Mayor, Metro Action showcase Youth Technology program

Members of the Metropolitan Action Commission technology camp demonstrate to Mayor Megan Barry what they have learned in the camp.

Members of the Metropolitan Action Commission technology camp demonstrate to Mayor Megan Barry what they have learned in the camp.

Area youth of the Metropolitan Action Commission technology camp participated in Nashville’s celebration of the National Summer Learning Day with Nashville Mayor Megan Barry.

The youth demonstrated how they created video games through coding and animation using the Scratch software, which is a program for creating interactive stories, games and animations. The students also unveiled five logo renderings that reflected what they believed would be important elements for Mayor Barry’s 2017 Summer Internship Program. The students also explained their computer hardware skills by showing her a computer they were rebuilding.

“We believe our technology camp is in line with the vision that Mayor Barry has for Nashville’s youth which is to provide meaningful opportunities for them as well as provide opportunities for them to earn income,” said Dr. Cynthia Croom, the Metro Action Commission executive director.

Metro Action’s technology camp provides hands on experience in the field of technology for youth from low-income families in the eight-week technology camp for teens ages 14-17 from Head Start and Early Head Start families. Through a partnership with the Nashville Technology Council, students receive daily instruction on information technology as well as visit area IT companies such as HCA, BNY Mellon and Hewlett Packard to first-hand innovation experience in technology.

“Research shows that summers without quality learning opportunities put our nation’s youth at risk for falling behind. It can also lead to a rise in violence,” said Croom.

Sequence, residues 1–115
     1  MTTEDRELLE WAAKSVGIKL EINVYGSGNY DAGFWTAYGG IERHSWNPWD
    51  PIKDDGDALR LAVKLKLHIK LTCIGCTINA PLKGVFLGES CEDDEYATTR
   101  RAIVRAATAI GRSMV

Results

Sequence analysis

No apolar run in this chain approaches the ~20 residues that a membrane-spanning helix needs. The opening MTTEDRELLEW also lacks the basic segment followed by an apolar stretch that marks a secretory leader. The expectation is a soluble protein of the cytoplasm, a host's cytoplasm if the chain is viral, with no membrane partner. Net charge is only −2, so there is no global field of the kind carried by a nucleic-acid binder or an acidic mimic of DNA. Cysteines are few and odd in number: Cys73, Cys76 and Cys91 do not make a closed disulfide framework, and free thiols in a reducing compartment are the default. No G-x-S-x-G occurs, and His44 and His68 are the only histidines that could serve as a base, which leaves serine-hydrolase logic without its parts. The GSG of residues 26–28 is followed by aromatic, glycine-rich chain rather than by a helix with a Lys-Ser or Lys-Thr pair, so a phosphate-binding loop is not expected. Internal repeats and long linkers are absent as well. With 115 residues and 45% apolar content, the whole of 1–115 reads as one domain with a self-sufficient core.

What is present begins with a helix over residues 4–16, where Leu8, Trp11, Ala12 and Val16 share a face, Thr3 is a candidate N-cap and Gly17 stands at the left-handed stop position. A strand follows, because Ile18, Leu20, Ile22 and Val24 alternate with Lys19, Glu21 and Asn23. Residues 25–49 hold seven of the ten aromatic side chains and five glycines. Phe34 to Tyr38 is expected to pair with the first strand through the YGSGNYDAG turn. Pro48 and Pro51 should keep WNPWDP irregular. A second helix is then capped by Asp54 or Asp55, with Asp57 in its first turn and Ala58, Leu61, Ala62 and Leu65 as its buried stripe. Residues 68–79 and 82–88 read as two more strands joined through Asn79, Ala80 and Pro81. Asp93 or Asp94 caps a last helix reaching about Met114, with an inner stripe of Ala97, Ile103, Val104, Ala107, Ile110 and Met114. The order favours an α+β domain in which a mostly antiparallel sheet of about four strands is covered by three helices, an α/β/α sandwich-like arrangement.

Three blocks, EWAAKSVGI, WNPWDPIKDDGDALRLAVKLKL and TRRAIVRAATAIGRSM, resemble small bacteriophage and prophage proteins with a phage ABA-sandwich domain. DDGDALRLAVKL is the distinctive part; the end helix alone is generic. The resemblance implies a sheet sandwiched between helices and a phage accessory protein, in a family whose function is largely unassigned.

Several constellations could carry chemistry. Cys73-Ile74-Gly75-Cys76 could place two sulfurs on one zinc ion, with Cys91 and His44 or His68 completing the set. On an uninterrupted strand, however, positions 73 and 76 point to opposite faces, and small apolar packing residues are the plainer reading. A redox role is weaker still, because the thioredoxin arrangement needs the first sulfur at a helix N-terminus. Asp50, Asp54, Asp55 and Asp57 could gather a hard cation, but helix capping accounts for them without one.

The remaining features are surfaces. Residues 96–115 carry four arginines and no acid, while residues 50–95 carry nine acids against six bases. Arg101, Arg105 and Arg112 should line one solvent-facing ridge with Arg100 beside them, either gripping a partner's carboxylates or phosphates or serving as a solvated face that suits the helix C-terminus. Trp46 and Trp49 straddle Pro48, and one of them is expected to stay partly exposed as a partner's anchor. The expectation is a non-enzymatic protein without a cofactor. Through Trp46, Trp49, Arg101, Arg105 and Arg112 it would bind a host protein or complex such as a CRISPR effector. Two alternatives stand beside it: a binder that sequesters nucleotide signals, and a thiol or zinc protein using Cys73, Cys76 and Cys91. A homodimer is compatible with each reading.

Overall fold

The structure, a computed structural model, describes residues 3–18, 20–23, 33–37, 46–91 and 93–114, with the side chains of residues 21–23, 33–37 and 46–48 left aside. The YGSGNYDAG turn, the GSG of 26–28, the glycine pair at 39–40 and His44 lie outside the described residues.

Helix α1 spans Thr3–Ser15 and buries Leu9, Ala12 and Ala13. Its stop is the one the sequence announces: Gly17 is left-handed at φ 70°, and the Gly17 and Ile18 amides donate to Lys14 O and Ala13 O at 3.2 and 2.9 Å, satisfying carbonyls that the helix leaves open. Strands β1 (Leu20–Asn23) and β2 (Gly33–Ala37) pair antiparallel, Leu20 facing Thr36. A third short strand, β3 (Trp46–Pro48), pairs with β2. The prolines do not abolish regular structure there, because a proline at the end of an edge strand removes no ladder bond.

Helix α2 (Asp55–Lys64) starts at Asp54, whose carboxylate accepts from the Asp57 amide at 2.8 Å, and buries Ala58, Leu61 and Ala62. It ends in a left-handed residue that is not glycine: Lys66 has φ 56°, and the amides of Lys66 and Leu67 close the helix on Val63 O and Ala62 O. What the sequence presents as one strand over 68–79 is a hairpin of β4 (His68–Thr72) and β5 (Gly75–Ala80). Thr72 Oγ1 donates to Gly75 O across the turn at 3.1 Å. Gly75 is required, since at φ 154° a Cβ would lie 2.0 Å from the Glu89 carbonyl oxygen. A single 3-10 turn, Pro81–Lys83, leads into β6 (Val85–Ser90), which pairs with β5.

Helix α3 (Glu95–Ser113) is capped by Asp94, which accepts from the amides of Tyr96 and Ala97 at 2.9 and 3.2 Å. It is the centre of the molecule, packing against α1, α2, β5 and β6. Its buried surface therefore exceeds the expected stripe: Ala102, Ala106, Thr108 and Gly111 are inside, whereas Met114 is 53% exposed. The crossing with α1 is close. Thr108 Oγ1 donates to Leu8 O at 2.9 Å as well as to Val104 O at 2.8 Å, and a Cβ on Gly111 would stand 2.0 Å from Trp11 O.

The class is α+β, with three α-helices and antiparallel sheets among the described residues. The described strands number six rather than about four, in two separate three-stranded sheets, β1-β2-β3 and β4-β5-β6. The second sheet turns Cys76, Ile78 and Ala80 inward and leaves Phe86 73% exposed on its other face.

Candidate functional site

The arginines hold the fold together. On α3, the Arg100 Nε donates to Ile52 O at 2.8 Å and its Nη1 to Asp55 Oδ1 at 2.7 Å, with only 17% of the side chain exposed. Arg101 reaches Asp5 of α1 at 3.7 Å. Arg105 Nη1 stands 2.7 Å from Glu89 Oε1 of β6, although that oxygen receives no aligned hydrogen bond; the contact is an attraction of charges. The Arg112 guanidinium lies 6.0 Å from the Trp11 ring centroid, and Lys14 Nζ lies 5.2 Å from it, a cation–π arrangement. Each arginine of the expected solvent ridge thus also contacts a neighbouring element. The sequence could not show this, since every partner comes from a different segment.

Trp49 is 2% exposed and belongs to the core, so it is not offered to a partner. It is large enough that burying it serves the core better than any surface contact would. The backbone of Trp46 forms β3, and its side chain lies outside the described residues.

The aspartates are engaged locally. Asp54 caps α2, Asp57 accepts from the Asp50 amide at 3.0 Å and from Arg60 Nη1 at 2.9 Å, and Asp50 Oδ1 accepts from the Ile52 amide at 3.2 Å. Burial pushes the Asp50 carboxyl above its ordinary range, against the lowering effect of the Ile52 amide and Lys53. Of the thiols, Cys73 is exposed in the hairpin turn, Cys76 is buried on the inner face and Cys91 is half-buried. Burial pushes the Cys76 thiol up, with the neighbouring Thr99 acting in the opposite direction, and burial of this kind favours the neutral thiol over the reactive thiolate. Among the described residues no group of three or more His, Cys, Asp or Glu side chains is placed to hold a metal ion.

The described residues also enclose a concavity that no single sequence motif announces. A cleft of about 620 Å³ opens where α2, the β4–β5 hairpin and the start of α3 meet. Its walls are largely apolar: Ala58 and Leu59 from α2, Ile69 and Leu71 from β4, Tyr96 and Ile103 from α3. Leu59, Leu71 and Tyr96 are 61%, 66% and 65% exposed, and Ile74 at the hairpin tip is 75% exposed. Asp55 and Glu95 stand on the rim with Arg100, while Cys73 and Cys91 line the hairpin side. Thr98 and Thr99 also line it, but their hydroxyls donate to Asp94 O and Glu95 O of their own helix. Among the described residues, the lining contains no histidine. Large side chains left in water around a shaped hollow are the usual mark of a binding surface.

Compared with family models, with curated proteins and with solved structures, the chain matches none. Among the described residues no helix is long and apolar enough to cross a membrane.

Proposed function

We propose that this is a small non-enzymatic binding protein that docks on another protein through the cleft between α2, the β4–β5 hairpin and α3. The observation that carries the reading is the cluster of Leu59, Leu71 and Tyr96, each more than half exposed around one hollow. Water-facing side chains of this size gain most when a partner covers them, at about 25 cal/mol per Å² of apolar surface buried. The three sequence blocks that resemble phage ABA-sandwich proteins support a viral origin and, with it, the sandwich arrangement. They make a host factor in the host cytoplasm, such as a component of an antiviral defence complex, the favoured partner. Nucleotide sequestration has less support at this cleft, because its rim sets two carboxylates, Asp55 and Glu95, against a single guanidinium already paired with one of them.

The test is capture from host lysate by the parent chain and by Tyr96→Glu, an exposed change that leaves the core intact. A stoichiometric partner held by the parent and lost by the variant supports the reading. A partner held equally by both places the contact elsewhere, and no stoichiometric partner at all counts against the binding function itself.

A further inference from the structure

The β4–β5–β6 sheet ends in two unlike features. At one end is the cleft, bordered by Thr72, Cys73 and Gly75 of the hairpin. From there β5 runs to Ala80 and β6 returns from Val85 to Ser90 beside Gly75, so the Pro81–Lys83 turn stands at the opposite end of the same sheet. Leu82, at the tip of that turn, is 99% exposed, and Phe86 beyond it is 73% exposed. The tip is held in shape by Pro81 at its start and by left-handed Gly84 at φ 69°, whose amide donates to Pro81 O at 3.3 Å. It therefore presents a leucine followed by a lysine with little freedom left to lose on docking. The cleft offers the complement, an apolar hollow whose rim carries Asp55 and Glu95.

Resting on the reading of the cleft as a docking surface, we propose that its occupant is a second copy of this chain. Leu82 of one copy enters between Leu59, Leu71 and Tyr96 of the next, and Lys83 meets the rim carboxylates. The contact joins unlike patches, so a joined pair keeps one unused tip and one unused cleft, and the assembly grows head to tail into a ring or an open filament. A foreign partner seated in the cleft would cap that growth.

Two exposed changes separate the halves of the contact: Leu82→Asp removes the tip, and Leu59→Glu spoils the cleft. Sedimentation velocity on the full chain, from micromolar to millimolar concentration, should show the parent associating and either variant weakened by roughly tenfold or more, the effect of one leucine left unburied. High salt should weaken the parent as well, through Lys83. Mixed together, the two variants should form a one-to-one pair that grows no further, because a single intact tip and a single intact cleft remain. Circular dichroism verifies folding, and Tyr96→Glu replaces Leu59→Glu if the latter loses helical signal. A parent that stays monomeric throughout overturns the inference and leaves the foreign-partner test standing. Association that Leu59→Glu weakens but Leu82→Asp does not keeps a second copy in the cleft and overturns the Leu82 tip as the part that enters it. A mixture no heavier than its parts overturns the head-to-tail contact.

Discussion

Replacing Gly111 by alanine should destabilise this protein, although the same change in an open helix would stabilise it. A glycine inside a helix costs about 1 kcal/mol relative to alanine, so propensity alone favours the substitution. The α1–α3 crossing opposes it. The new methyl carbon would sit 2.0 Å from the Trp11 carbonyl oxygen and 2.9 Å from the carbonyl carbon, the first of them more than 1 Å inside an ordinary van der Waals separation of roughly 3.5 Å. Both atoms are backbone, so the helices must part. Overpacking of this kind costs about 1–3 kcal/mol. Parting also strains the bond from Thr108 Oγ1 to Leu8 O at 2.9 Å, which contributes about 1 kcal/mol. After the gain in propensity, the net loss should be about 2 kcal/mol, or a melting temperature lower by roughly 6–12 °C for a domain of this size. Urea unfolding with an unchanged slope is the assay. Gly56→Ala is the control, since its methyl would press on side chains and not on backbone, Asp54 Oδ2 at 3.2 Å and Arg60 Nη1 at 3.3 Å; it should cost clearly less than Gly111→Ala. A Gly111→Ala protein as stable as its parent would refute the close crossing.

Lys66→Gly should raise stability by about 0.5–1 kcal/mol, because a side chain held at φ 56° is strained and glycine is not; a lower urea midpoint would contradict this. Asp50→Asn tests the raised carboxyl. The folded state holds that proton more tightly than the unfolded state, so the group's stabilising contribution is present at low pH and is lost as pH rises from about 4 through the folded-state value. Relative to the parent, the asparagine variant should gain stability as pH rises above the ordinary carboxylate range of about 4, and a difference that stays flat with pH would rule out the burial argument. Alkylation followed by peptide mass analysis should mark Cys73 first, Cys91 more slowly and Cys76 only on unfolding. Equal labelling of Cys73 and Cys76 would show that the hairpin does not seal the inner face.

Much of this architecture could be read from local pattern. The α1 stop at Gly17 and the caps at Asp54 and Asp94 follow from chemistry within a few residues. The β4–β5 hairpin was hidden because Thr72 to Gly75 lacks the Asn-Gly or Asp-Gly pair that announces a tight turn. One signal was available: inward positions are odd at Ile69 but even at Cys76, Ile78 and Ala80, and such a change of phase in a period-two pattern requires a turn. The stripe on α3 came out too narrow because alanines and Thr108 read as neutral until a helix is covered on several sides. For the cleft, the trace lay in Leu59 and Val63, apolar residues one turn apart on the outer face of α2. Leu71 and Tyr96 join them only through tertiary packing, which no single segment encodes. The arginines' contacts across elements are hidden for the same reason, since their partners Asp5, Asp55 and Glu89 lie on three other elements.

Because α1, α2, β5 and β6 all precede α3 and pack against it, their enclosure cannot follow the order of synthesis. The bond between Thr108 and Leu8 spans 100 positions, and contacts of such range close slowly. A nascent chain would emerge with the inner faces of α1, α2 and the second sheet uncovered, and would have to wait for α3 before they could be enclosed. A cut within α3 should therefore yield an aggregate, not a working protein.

The students also visit area universities and colleges to understand the academic requirements as well as how technology is used in that setting as well as soft skills such as resumes, career attire and interview skills.

Metro Action receives funding through the Tennessee Department of Human Services (DHS) to cover the cost of the camp, which includes an $800 stipend for each student.

The partnership with the Nashville Digital Inclusion program provides a laptop for each student to use during the program, which will be given to them at the end of the program.

Daily meals were provided through the USDA Summer Food Service Program, also funded by DHS.

National Summer Learning Day (NSLD) is an advocacy day to elevate the importance of keeping kids learning, safe and healthy every summer.NSLD is a partnership with the White House Summer Opportunity Project, which is designed to give young people access to their first job and encourage investment in programs supporting summer learning and meals for America’s young people in the summer.